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How do Drug Networks of Africa Fund ISIS Terrorism?

March 5, 2016

The rise of ISIS in Africa is inextricably linked with the expansion of drug trafficking networks across the region. A major contributor to this has been the cocaine trade that occurs along the southern coasts of Europe. The militants, in the 2000s, used the route along the North African coast to smuggle cocaine into Europe.  It is alleged that the cash acquired from the trade was used by the Islamist terrorists of North Africa to capture vast areas of Mali in 2013. The group then subsequently pledged its support for the Islamic State. The networks of drug trade have come up in the desert regions of Niger, Mali and Algeria, where the rule of law is absent and trafficking is easier. The money from this trade is routed to the terrorist groups which use it to buy weapons and fund their organizations.

The Networks of Drug Trade

The Northern part of Africa appears to be fully embroiled in the illicit trade of drugs, whereby, the Western region supplies cocaine to European markets, the Eastern region sends Asian Heroin to European to American markets. The locally grown Hashish ends up in Europe along with Khat, a Somalian plant known for its stimulating effects. The money from drug trafficking is being supplied from regions across the Atlantic, including countries such as Colombia, Peru, and Bolivia.

The West African region, which according to recent estimate sees a transfer of 30 metric tons to 40 metric tons of cocaine, generates $800 million dollars every year. It provides a lucrative income to not only the South American drug cartels but also the African drug traffickers who are a part of the local tribal groups.

Routes for Illicit Drug Trade

Besides the sea routes taken by the peddlers, the drugs are also parceled from South America to West Africa via the air route which follows the shortest distance along the 10th parallel, also known as “Highway 10”. From here, the path taken to Europe goes along the traditional routes once taken by the camel caravans, controlled by tribal groups.

Even today, tribal groups such as Tuareg and Toubou control these networks and smuggle anything from weapons to cigarettes. The social chaos and political instability in these countries provide a convenient space for such activities. The turmoil in Mali and the military coups and other changes in Guinea-Bissau’s weak government have triggered a competition among the terrorist groups for the control of routes and profits.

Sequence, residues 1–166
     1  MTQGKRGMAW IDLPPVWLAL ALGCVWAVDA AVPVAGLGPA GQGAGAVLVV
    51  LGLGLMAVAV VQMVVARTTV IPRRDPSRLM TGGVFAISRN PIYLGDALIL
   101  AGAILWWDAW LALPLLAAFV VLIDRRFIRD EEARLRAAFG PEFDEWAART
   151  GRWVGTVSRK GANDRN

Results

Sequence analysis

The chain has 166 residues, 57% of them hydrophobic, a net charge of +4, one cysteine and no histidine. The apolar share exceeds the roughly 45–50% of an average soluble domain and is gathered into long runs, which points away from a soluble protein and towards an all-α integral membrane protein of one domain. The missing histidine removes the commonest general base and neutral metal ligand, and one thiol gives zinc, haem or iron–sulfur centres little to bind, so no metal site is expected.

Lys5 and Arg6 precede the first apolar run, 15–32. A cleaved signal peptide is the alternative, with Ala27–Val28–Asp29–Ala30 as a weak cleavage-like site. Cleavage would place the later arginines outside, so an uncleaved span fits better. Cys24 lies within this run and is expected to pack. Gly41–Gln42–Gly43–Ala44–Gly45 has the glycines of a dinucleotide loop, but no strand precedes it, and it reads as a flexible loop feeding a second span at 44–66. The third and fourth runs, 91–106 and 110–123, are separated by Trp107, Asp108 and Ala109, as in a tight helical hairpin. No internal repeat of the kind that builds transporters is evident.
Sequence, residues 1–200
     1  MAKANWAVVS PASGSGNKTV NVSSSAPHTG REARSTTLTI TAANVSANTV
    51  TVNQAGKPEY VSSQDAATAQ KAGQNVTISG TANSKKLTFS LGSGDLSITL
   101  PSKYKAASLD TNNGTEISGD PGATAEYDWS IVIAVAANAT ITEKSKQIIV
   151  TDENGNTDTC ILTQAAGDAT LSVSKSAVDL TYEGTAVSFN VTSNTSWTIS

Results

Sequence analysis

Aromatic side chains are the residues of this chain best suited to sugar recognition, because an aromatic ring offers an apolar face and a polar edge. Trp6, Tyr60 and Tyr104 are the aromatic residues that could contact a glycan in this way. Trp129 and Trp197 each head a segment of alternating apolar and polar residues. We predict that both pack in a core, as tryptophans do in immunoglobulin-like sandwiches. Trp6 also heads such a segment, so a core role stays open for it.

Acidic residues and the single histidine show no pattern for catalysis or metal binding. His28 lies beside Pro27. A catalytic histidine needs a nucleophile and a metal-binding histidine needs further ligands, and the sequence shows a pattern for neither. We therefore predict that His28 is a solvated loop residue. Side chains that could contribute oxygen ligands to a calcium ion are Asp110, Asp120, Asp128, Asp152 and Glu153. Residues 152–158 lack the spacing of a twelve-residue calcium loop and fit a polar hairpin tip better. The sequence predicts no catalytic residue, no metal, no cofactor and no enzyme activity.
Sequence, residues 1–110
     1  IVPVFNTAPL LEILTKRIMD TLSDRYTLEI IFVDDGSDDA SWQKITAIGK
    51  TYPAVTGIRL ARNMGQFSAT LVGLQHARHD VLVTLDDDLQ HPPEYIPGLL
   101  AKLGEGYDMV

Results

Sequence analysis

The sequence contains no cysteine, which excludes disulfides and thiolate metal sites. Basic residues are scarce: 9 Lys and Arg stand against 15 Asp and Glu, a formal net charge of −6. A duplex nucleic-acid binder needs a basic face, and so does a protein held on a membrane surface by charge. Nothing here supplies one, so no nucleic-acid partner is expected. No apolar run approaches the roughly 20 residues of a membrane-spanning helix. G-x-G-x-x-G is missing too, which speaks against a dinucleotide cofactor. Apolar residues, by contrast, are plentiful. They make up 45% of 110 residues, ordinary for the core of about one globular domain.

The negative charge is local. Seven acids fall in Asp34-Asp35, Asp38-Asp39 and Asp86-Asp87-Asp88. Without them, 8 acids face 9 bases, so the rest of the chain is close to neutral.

Terror Groups are in Cahoots with Drug Peddlers

In countries such as Nigeria, Benin and Ghana, cocaine arrives hidden in shipments of plantains or coffee and their transport to Europe is facilitated by corrupt officials. Forty per cent of cocaine that reaches Europe comes from Africa. That is where al-Qaida in the Islamic Maghreb (AQIM), or several of the Islamist groups that have been active in raiding and destabilizing Mali, Mauritania, Niger and Burkina Faso, too, have their cut of the profits, either from being the major transporters of cocaine across the Sahara to Europe or from facilitating that traffic for a sizable slice of the returns.

Boko Haram, which controls traditional long-distance trading routes to the north of Mediterranean Sea, also uses the funds derived from the illicit trade in drugs to finance its groups’ operations across the region.

Interplay between Terrorism and Drug Trafficking

The expansive growth in the trafficking of drugs across Africa and Europe by terrorist organizations points to a much larger and a more complex set of problems. The funds garnered from this trade are being used to fuel terror operations and fund other sorts of criminal activities around the world. While, the growth of ISIS was initially believed to be a consequence of its ideological appeals, the revelations on the amount of money exchanging hands in the drug operations reveals that for most groups, it is money-making opportunities and not ideologies that propel their support to the ISIS.

Historically, the interplay between terrorism and drug trafficking can be traced to the drug networks of Al-Qaeda which thrived on the money supplied by the opium trade of Afghanistan. According to the UNODC’s World Drug Report 2007, the total potential value of Afghanistan’s 2006 opium harvest accruing to farmers, laboratory owners and Afghan traffickers reached about US$ 3.1 billion. In addition, it is reported that in 2004, some 400 tons of cocaine was exported from one Latin American country, with an estimated domestic value of US$ 2 billion, a chunk of which was used by the terror outfit to plan, finance and carry out attacks. This mode of garnering finances for terror operations is now being emulated by Islamist groups at a pace much greater than that of the Al-Qaeda.

How to Make ISIS Fund-starved?

However, with the unearthing of a potentially quantifiable reason for the rise of the ISIS, the research has provided countries such as Britain, France and America with the opportunity to combat terror. Guarding unmanned trading routes and increasing security for local administration in politically volatile countries such as Mali and Somalia will make drug trafficking more costly in Africa.  This can put a check on Islamic state’s finances, thus denting its terror operations.

Another long-term policy can be to legalize cocaine and heroin markets in Europe. Decriminalization of these drugs would make them taxable, reduce custom prices and virtually eliminate any incentive to peddle these drugs illicitly across borders.

The fight against the ISIS is a multidimensional affair. The most significant aspect of this is, however, the big billions that are raised to fund its operations. Any effort directed at curtailing the supply of such funds should go a long way in preventing the rise of the ISIS.

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